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Intensive Substance-Abuse Treatment Fails to Deliver Better Results: Study

But researcher isn't ready to give up on the multi-pronged approach

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To test that theory, the researchers recruited nearly 600 people suffering from drug or alcohol addiction and randomly assigned them to chronic care management or primary care and referral.

Those in the chronic care management group received a variety of on-site services coordinated with their primary medical care. These included motivational therapy, relapse-prevention counseling, addiction and psychiatric treatment, social work assistance, and referrals to drug- or alcohol-abuse programs. Addiction drugs also were prescribed if appropriate.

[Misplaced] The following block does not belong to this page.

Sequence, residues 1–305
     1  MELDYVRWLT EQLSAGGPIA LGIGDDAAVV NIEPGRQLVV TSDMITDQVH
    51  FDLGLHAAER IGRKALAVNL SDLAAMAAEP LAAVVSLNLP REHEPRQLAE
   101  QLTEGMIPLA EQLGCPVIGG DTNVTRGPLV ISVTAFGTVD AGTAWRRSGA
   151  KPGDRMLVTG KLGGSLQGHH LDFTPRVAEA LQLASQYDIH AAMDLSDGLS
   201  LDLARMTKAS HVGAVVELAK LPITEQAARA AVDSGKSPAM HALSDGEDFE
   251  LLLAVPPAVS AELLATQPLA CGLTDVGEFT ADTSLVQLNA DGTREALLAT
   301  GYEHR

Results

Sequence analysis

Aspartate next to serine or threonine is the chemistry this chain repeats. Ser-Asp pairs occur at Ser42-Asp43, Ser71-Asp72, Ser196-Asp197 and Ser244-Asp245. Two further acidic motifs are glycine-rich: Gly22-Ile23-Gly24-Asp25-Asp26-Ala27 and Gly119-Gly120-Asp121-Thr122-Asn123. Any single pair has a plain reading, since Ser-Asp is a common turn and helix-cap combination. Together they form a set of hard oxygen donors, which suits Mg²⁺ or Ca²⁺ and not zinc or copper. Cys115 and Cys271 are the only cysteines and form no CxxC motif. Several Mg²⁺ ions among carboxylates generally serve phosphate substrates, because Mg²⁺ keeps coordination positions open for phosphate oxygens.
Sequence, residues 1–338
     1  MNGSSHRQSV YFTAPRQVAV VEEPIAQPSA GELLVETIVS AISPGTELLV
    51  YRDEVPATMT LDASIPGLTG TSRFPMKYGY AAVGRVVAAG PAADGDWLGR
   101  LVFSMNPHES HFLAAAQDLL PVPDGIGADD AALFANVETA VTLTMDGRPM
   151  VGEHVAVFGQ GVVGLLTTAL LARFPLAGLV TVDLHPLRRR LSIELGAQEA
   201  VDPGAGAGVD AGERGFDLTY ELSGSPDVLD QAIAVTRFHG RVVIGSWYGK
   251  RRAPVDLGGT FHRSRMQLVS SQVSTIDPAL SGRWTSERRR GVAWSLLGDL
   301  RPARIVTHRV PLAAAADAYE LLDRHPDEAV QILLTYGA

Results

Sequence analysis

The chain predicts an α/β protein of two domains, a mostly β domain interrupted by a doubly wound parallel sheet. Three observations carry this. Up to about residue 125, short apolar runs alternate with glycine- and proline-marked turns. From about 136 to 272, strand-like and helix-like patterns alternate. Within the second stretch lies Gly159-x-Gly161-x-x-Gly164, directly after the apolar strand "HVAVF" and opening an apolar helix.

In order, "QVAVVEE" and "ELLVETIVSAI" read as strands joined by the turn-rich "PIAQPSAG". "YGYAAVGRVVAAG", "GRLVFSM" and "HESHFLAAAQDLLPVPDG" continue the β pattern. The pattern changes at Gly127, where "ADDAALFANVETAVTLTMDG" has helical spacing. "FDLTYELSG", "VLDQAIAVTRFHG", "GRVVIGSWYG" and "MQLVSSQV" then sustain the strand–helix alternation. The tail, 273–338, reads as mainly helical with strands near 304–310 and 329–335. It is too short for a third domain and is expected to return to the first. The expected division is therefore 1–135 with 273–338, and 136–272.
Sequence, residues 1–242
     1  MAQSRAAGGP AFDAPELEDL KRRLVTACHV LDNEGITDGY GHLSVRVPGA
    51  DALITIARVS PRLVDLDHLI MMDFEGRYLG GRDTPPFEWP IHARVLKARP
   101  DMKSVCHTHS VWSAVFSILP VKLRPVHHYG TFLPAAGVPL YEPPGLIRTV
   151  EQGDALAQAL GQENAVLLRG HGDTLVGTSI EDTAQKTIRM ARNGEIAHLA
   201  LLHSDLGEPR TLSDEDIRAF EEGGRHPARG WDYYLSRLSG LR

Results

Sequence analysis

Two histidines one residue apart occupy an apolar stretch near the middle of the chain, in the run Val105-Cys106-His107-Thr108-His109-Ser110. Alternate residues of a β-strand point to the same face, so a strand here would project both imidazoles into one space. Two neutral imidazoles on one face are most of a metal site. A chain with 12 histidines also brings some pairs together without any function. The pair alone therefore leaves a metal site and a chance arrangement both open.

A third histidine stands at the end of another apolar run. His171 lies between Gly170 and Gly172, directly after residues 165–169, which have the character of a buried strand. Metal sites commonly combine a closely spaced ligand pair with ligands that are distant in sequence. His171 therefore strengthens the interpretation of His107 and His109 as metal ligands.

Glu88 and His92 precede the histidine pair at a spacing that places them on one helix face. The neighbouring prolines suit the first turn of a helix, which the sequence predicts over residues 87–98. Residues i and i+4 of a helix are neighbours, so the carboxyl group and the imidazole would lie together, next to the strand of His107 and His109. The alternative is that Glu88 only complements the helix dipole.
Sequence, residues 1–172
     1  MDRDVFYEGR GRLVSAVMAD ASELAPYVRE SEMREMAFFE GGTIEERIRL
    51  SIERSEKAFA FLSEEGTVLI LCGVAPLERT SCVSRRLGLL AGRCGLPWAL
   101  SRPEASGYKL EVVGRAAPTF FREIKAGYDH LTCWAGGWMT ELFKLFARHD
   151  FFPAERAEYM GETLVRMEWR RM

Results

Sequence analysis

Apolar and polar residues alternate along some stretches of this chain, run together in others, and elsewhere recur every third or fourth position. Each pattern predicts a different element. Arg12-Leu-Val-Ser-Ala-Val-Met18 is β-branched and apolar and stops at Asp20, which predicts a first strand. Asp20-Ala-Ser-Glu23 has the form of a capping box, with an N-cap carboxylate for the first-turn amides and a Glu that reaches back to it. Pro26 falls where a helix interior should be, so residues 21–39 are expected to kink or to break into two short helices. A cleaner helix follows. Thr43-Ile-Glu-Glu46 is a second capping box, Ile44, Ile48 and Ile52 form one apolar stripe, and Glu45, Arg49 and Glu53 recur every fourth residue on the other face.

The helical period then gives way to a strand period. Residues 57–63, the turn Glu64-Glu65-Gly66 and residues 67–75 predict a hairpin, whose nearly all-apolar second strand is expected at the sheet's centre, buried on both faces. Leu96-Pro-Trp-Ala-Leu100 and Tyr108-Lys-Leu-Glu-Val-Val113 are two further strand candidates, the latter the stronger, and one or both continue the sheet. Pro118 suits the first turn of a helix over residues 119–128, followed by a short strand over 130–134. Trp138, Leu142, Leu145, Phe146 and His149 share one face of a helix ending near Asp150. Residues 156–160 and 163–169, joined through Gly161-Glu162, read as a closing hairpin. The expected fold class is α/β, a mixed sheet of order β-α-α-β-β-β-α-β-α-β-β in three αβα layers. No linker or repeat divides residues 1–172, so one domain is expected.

Patients received reminders, and care providers worked in collaboration with one another.

Those in the other group received a medical care visit, a list of addiction-treatment resources and a phone number for accessing motivational therapy sessions.

Although there was no difference in results between the groups, patients with alcohol dependence in the chronic care management group had fewer alcohol problems, the researchers said.

There were, however, no differences in the severity of addiction, health-related quality of life or drug problems between the groups, they said.

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